Burning Man: Inside the bizarre annual festival in the Nevada desert

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Burning Man Ablaze in Nevada Desert

By TORREY ANDERSONSCHOEPE

Every year during the last week of August more than 60,000 people from across the globe flock to Nevada's hot, dusty, Black Rock Desert, suddenly transforming it into a bustling city centered on radical self-reliance and self-expression that's part art show, rave and music festival -- complete with giant fire-shooting robots. Nine days later, it all disappears with no trace of humans left behind.

Burning Man was started in 1986 by Larry Harvey and Jerry James, who held an annual fire party at Baker Beach in San Francisco. When police eventually kicked them out, they took their tradition to the desert. Since then it has turned into a massive event attended by people from all over the world.

Take a glimpse inside Burning Man festivals of years past:

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Burning Man: Inside the bizarre annual festival in the Nevada desert
Black Rock City, Nevada –Mark Day, of Santa Cruz, gets painted with blue food coloring to go with his blue devil horns while participating in this year's Burning Man festival which drew over 25,000 people from around the world to the isolated Black Rock Desert in Nevada. (Photo by Rick Loomis/Los Angeles Times via Getty Images)
A woman lies next to paper mache aliens as they watch a television sculpted into a man 06 September at the 'Burning Man' festival in the Black Rock Desert of Nevada. Some 15,000 people attended the 1998 'Burning Man' festival, which reportedly began 13 years ago in San Francisco, and which always culminates in the burning of a giant effigy of a man. The festival has grown into one of the nation's annual premiere countercultural events, with the size doubling virtually every year and drawing people from as far away as Japan, Europe and Australia. (Photo credit: MIKE NELSON/AFP/Getty Images)
A group of people cross the desert at Black Rock City's Burning Man festival in Nevada 02 September, 1999. Founded in 1986 by a group of artists, filmmakers and photographers, the annual event encourages a collaborative response from its audience and a collaboration between artists. (Photo credit : HECTOR MATA/AFP/Getty Images)
A man poses at Black Rock City's Burning Man festival in Black Rock City, Nevada 03 September, 1999. Founded in 1986 by a group of fine artists, filmmakers and photographers, the anual event encourages a collaborative response from its audience and a collaboration between artists.  (Photo credit: HECTOR MATA/AFP/Getty Images)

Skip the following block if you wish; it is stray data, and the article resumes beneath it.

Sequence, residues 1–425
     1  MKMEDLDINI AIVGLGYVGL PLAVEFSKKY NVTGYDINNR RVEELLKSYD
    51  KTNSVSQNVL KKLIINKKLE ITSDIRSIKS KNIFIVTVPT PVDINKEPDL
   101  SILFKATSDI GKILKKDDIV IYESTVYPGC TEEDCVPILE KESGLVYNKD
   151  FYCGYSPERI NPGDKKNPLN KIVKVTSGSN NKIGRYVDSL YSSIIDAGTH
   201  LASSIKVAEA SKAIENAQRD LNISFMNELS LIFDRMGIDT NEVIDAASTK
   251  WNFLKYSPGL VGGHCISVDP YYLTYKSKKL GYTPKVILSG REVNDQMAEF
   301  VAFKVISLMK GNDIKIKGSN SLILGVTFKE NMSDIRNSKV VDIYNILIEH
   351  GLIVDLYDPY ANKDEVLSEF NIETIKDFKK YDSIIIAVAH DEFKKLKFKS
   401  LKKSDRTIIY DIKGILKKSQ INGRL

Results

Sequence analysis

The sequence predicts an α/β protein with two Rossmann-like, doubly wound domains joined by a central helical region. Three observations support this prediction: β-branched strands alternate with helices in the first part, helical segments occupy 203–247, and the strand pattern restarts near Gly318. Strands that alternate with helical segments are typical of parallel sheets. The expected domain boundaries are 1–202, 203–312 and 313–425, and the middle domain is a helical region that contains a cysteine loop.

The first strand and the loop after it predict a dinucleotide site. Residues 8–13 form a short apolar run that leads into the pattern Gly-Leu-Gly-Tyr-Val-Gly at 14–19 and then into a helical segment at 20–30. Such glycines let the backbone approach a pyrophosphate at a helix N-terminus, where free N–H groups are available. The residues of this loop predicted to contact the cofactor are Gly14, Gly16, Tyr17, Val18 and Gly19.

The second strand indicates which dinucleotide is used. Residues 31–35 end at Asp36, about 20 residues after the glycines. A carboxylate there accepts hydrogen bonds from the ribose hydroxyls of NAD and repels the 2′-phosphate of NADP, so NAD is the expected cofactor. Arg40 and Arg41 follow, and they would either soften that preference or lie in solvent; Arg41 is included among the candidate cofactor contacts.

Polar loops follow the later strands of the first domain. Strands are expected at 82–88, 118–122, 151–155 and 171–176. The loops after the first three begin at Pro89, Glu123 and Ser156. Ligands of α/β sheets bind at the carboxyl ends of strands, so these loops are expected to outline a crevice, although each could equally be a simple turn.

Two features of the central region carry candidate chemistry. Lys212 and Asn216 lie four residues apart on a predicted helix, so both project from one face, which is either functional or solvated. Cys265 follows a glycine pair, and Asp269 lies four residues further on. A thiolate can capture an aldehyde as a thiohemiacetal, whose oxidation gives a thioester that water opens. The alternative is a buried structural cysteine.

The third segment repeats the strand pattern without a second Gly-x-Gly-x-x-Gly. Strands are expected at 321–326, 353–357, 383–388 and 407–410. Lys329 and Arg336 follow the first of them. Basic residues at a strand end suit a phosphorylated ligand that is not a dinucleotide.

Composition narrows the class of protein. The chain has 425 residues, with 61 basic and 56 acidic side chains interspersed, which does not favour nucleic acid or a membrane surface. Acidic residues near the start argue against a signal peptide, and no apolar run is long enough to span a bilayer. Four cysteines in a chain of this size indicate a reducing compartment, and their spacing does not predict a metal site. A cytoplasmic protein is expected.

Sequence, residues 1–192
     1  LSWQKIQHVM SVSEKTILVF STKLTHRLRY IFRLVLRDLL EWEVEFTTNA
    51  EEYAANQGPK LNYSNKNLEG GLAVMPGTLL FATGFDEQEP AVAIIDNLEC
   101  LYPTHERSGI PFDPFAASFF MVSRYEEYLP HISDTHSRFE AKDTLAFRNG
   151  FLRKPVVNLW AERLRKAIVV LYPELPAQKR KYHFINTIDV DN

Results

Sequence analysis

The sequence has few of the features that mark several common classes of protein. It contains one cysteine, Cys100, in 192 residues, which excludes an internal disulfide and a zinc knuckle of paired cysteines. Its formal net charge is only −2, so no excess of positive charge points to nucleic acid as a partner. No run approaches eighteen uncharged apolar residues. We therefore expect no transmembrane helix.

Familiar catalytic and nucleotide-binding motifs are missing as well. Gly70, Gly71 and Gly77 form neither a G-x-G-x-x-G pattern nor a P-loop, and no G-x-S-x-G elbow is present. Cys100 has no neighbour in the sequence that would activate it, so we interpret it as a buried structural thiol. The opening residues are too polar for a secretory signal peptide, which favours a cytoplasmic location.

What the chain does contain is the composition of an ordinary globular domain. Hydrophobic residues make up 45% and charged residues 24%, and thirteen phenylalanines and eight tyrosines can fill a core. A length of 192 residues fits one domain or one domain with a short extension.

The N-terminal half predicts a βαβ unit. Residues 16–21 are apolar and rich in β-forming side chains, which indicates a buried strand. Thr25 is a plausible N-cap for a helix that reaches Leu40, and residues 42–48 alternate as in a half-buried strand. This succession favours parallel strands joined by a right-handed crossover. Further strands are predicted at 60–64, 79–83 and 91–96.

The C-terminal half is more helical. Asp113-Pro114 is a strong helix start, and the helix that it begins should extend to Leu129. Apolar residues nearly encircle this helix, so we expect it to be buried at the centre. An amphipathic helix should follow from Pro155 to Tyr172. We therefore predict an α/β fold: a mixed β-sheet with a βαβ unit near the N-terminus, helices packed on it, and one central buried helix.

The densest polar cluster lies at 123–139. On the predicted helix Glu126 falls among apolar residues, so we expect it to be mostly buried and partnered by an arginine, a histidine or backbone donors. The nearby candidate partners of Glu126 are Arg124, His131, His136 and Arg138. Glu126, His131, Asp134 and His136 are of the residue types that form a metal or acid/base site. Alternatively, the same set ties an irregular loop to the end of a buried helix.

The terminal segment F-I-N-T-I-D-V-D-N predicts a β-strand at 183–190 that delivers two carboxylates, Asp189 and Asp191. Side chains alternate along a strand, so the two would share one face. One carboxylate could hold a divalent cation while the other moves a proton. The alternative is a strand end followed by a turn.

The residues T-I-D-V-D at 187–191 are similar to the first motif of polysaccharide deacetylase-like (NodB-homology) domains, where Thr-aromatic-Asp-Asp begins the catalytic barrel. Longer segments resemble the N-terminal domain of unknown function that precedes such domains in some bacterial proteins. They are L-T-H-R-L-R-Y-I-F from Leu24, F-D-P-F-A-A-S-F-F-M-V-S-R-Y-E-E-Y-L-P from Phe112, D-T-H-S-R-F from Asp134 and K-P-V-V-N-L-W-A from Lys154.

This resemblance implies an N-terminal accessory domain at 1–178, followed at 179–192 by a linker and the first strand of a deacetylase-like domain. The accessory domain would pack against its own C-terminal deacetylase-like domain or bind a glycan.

An artist performs a Mass celebrating the end of the millennium on the 'Tree of Time', a sculpture by San Francisco-based artists Dana and Flash, at Black Rock City's Burning Man festival in Nevada 04 September 1999. Founded in 1986 by a group of fine artists, filmmakers and photographers, the annual event encourages a collaborative response from it's audience and a collaboration between artists. (Photo credit: HECTOR MATA/AFP/Getty Images)
A man looks at the Burning Man effigy as it is prepared for the Burning Man Festival at Black Rock City in Nevada 29 August 2000. An estimated thirty thousand people will attend the festival, a spontaneous encounter of artists, performers and spectators, where the audience is expected to interact and collaborate during a week long event. The fifty two feet effigy will be burned at the end of the festival  (Photo credit: HECTOR MATA/AFP/Getty Images)
A girl drives a bike on the Black Rock City desert in Nevada 29 August, 2000 as she attends the Burning Man festival. An estimated thirty thousand people will attend the festival, a spontaneous encounter of artists, performers and spectators, where the audience is expected to interact and collaborate during a week long event.  (Photo credit: HECTOR MATA/AFP/Getty Images)
Signs are posted at the entrance of Black Rock City during the Burning Man Festival in Nevada 01 September 2000. An estimated thirty thousand people will attend the festival, a spontaneous encounter of artists, performers and spectators, where the audience is expected to interact and collaborate during a week long event.  (Photo credit: HECTOR MATA/AFP/Getty Images)
Make-up artist 'Nambla the Clown' from the San Francisco Bay Area poses at Black Rock City's center camp during the Burning Man Festival in Nevada 01 September 2000. An estimated thirty thousand people will attend the festival, a spontaneous encounter of artists, performers and spectators, where the audience is expected to interact and collaborate during a week long event.  (Photo credit: HECTOR MATA/AFP/Getty Images)
A bicycle rider makes it through a dense sand storm at Black Rock City's playa during the Burning Man Festival in Nevada 01 September 2000. An estimated thirty thousand people will attend the festival, a spontaneous encounter of artists, performers and spectators, where the audience is expected to interact and collaborate during a week-long event.  (Photo credit: HECTOR MATA/AFP/Getty Images)